Additional Reading for the Weekend:

  1.  Shonda Rhimes Just Became the Third Black Woman in the TV Hall of Fame
  2. Charles Hudson of Precursor Ventures Filed to Raise $25M for the pre-seed venture firm’s second fund
  3. African startup founders can finally start looking for big-ticket funding nearer home
  4. Lightspeed Welcomes Tara Nicholle-Nelson as Entrepreneur-in-Residence
  5. Backstage Capital acquires The Door to continue funding underrepresented founders
  6. Issa Rae Built a Hollywood Career on Her Own Terms. Next, She’ll Build an Empire

No. 152: 3AMReads: Upside in African Financial Services | Lonmin Moves Ops to Marikana | China Pledges $100B

Investor Highlights African Financial Services Opportunity Despite Headwinds

Kurt Davis surveys the financial services industry across Nigeria, Ethiopia, Kenya, Democratic Republic of Congo, and Cote d’Ivoire as ones where investors will find an upside though the current state of the industry isn’t the prettiest to look at. His projection of Cote d’Ivoire becoming the centerpiece of regional financial services action in West Africa is a really interesting that makes sense given the countries growth trajectory so far. Before that happens, I’m going to need the military to improve its operations, find money to pay soldiers, and decrease the specter of mutiny.

Lonmin Moves to Marikana

My mind immediately went to the Marikana Massacre a few years ago when I saw the news that Lonmin was moving it’s Johannesburg office to Marikana where dozens of Lonmin workers were killed by South African police during a wildcat strike. A couple years after that, the company along with the rest of South Africa’s platinum miners went through a very long strike that really put a dent in South Africa’s already struggling growth rate. Lonmin CEO Ben Magara got his start working in the mines and says that he wants to be closer to the company’s operation. Relations between the company and its employees aren’t getting any better with workers protesting last week. Hopefully this move helps improve relations.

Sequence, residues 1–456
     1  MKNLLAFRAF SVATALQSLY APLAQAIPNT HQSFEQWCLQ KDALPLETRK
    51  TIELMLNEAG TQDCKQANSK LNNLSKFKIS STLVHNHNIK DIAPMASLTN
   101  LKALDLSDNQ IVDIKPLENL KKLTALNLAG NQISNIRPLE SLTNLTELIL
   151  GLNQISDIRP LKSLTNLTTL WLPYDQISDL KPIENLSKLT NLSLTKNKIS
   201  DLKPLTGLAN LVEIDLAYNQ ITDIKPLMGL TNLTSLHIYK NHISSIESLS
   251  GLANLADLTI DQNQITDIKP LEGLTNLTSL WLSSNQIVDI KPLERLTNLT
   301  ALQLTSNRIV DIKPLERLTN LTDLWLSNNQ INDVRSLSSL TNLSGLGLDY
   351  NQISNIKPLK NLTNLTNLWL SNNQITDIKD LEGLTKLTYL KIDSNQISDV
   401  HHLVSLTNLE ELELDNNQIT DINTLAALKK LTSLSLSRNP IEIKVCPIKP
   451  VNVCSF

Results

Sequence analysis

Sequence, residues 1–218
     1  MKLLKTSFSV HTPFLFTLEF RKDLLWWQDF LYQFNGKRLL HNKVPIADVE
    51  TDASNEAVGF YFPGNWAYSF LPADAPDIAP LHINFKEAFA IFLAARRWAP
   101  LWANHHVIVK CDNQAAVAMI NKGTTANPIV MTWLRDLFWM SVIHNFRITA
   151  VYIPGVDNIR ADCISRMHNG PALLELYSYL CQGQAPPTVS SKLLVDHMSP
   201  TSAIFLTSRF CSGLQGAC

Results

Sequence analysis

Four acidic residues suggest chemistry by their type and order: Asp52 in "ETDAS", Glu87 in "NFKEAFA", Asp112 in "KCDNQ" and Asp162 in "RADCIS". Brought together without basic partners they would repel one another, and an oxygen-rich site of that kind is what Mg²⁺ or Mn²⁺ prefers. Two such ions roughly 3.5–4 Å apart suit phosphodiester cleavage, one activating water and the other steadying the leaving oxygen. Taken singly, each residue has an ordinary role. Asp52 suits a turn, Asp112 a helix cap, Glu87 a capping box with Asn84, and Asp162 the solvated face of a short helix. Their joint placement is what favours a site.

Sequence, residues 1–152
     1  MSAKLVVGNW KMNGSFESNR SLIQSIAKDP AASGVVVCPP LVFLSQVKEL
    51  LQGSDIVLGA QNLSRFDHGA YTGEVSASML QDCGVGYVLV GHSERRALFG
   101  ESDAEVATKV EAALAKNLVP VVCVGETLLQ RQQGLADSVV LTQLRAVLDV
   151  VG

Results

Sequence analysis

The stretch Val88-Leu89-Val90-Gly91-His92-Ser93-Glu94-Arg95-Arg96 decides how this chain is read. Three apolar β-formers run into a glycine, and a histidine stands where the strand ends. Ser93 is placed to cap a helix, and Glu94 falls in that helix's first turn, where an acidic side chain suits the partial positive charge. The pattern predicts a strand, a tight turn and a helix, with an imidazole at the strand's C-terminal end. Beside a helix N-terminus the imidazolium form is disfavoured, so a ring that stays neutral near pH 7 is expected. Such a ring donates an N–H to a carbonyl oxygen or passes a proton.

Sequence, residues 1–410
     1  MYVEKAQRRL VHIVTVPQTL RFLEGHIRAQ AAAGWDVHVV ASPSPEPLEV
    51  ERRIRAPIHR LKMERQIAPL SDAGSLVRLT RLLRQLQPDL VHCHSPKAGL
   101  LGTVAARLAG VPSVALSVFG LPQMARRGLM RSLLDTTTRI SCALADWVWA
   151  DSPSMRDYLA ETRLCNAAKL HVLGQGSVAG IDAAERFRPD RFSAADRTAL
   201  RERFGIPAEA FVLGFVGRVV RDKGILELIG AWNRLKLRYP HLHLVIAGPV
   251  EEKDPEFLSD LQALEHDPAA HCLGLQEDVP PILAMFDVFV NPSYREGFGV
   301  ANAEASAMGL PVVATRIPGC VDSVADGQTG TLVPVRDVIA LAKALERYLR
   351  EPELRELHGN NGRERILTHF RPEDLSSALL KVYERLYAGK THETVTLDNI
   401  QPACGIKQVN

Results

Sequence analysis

China Pledges $100B to Finance Projects Globally

Chinese President Xi Jinping hosted several global leaders for China’s One Belt, One Road Forum. A year or so ago, China launched this effort as part of its aims to connect 60+ countries through a vast transport and logistics network to drive trade. Kenya and Ethiopia’s presidents were in attendance, and both have already seen hundreds of millions of dollars in investment as part of this effort. China’s trade with African countries is already sizeable at $39B for Q1 2017, and we can expect that number to grow significantly in the coming years if China is able to execute the projects it targets and gets paid back. If not, there could be a lot of debt floating around the world. African countries, particularly the ones that have issued large bonds in recent years, would do well to really ensure they have revenue streams to cover more debt should they pursue it.

No. 138: How Does Africa’s Innovation Economy Tap Into Africa’s Wealth?

Yesterday, I had lunch with a friend who is raising a fund for her Lagos-based startup. At one point in our conversation, she shared the effort she has had to go through to get people she has met with in Silicon Valley up to speed on what is happening in Nigeria’s tech space.

This has been a refrain from a number of entrepreneurs and investors who are already tuned in on what is happening in Africa’s innovation economy. Fortunately, the tide seems to be trending towards Silicon Valley getting more hip to what is happening in Nigeria, Kenya, and to a lesser extent South Africa (Cape Town-based Naspers has led some massive investments that I am sure Silicon Valley investors have noticed.)

While we chatted, my mind went to some research I saw this weekend on Africa’s high net worth individuals. Capgemini’s annual World Wealth Report pegs the wealth of the 150,000 high net worth individuals across Africa at $1.4 trillion for 2016. These are people who have at least $1 million in investable assets, excluding primary residence, collectibles, non-durable goods like sweet potato pie, and durable goods like automobiles.

This is serious capital. I wonder what percentage of this wealth has gone into Africa’s innovation economy since 2009. The Capgemini report highlights three industries that are going to drive wealth accumulation globally through 2025 – financial services, technology, and healthcare. There are startups across Africa doing interesting things in all three of these areas, yet the challenges of getting Africa’s wealthy to invest in the continent’s startups has been a conversation for several years now. I think we’re trending to those conversations being fewer and fewer.

There are several people working to build a critical mass of wealthy investors across Africa committed to investing in Africa’s innovation economy, and these initiatives are gaining real traction. Further, some African governments have developed initiatives to support innovation economies within their borders. Two years ago, I watched Something Ventured, and it really got me thinking about how African governments could level up their involvement in Africa’s innovation economy. I’ll share where I’m at on that at some point.